How does agriculture relate to the world of baseball? We chatted with Vern Stenman, President of the Madison Mallards and Todd Rupiper of Maple Leaf Landscaping to find out! As the first game of the year approaches, there is much work to be done for the Madison Mallards regarding their field and turf grass management. The field needs to be in perfect shape to ensure playability and safety for the players, and be visually appealing for fans.
They are in the process of recovering from a crazy year, after having the Mallards 2020 season cancelled due to local health restrictions. Instead of their normal season, they instead decided to turn the ballpark into a drive in movie theater for community members having up to 100 cars each night parking on the outfield to watch a movie on the big screen. It was a fun event for the Mallards and participants, but as Stenman said looking back it turned out not to be “the best thing for the health of the baseball field grass.” That just means they’ve been hard at work rolling, re-sodding, coring and over-seeding the field to get it back into shape.
In order to get all of this pre-season prep and full season maintenance complete, they need quite a crew at the Mallards. Stenman mentions that they try to hire agriculture or farm based people on their team whenever they can. “We’re big on versatility and people that can do a lot of different things, and I think that growing up on a farm certainly teaches you that kind of thing,” Stenman said. He mentioned that the work ethic and knowledge that ag and farm people bring to their work force is invaluable.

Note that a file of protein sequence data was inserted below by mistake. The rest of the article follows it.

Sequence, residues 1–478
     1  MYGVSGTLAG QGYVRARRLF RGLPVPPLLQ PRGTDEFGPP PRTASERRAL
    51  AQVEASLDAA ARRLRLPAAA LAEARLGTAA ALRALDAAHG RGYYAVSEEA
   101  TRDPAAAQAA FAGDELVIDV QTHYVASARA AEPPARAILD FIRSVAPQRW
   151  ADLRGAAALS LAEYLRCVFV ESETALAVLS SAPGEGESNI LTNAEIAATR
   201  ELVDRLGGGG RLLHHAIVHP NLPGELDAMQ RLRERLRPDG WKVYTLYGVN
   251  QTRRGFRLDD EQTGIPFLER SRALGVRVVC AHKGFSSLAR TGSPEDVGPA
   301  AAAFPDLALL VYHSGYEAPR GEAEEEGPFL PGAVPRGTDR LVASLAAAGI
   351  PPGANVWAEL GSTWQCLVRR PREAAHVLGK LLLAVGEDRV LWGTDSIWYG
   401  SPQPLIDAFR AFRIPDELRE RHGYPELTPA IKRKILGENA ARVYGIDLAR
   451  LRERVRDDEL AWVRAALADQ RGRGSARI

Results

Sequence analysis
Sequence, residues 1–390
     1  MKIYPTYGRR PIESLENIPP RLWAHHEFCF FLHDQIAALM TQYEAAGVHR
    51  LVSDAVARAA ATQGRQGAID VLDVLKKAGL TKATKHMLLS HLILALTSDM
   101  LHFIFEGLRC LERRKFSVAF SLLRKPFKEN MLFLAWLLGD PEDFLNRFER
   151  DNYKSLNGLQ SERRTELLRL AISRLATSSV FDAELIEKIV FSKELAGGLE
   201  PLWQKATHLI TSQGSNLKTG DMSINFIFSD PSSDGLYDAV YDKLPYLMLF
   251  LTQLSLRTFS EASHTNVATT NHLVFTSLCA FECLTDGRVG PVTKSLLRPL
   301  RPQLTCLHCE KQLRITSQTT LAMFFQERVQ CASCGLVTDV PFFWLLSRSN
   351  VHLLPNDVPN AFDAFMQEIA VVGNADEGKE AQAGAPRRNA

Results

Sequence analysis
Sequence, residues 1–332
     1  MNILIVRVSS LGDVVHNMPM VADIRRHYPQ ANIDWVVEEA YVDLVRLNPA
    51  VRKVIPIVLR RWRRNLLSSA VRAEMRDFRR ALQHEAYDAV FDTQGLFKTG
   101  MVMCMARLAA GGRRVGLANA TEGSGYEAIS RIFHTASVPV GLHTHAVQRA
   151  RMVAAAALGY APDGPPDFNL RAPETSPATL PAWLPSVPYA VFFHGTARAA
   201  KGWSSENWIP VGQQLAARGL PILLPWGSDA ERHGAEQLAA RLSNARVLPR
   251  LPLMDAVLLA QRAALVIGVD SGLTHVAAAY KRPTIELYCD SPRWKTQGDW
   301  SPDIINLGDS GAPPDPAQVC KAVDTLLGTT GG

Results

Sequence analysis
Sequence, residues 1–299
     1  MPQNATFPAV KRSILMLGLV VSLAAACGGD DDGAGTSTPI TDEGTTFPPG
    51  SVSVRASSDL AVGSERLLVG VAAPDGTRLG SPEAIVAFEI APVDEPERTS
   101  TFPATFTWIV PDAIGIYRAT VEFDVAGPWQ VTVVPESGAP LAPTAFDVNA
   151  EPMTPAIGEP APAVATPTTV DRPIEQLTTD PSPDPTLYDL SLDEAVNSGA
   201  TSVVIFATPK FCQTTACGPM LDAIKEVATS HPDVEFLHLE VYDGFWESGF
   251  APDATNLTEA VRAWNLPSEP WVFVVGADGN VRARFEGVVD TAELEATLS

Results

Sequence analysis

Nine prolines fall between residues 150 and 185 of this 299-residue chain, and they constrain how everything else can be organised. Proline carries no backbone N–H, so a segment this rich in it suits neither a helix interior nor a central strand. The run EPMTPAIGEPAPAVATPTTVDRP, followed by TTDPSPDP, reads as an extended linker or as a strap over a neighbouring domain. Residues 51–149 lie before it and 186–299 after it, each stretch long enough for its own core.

As far as field maintenance, keeping the field looking good and playable is top priority. Todd Rupiper and his crew at Maple Leaf Landscaping partner with the Mallards to help with overall field health and maintenance. “I’m here at least once or twice a week checking,” said Rupiper talking about how much time it takes to ensure the field is in perfect condition. The field is mowed three times a week during the season, and other maintenance such as fertilizing, weed control and surface conditioning is done as needed. Stenman said that even though a natural grass field is a lot more work than artificial turf, it is a better playing surface and fits the bill for baseball “purists.”
After not having the 2020 season, the Mallards are looking forward to getting back into the swing of things. Stenman says that more than anything, they’re “excited to see the community back together.” The Mallards home opener is May 31st at Warner Park in Madison.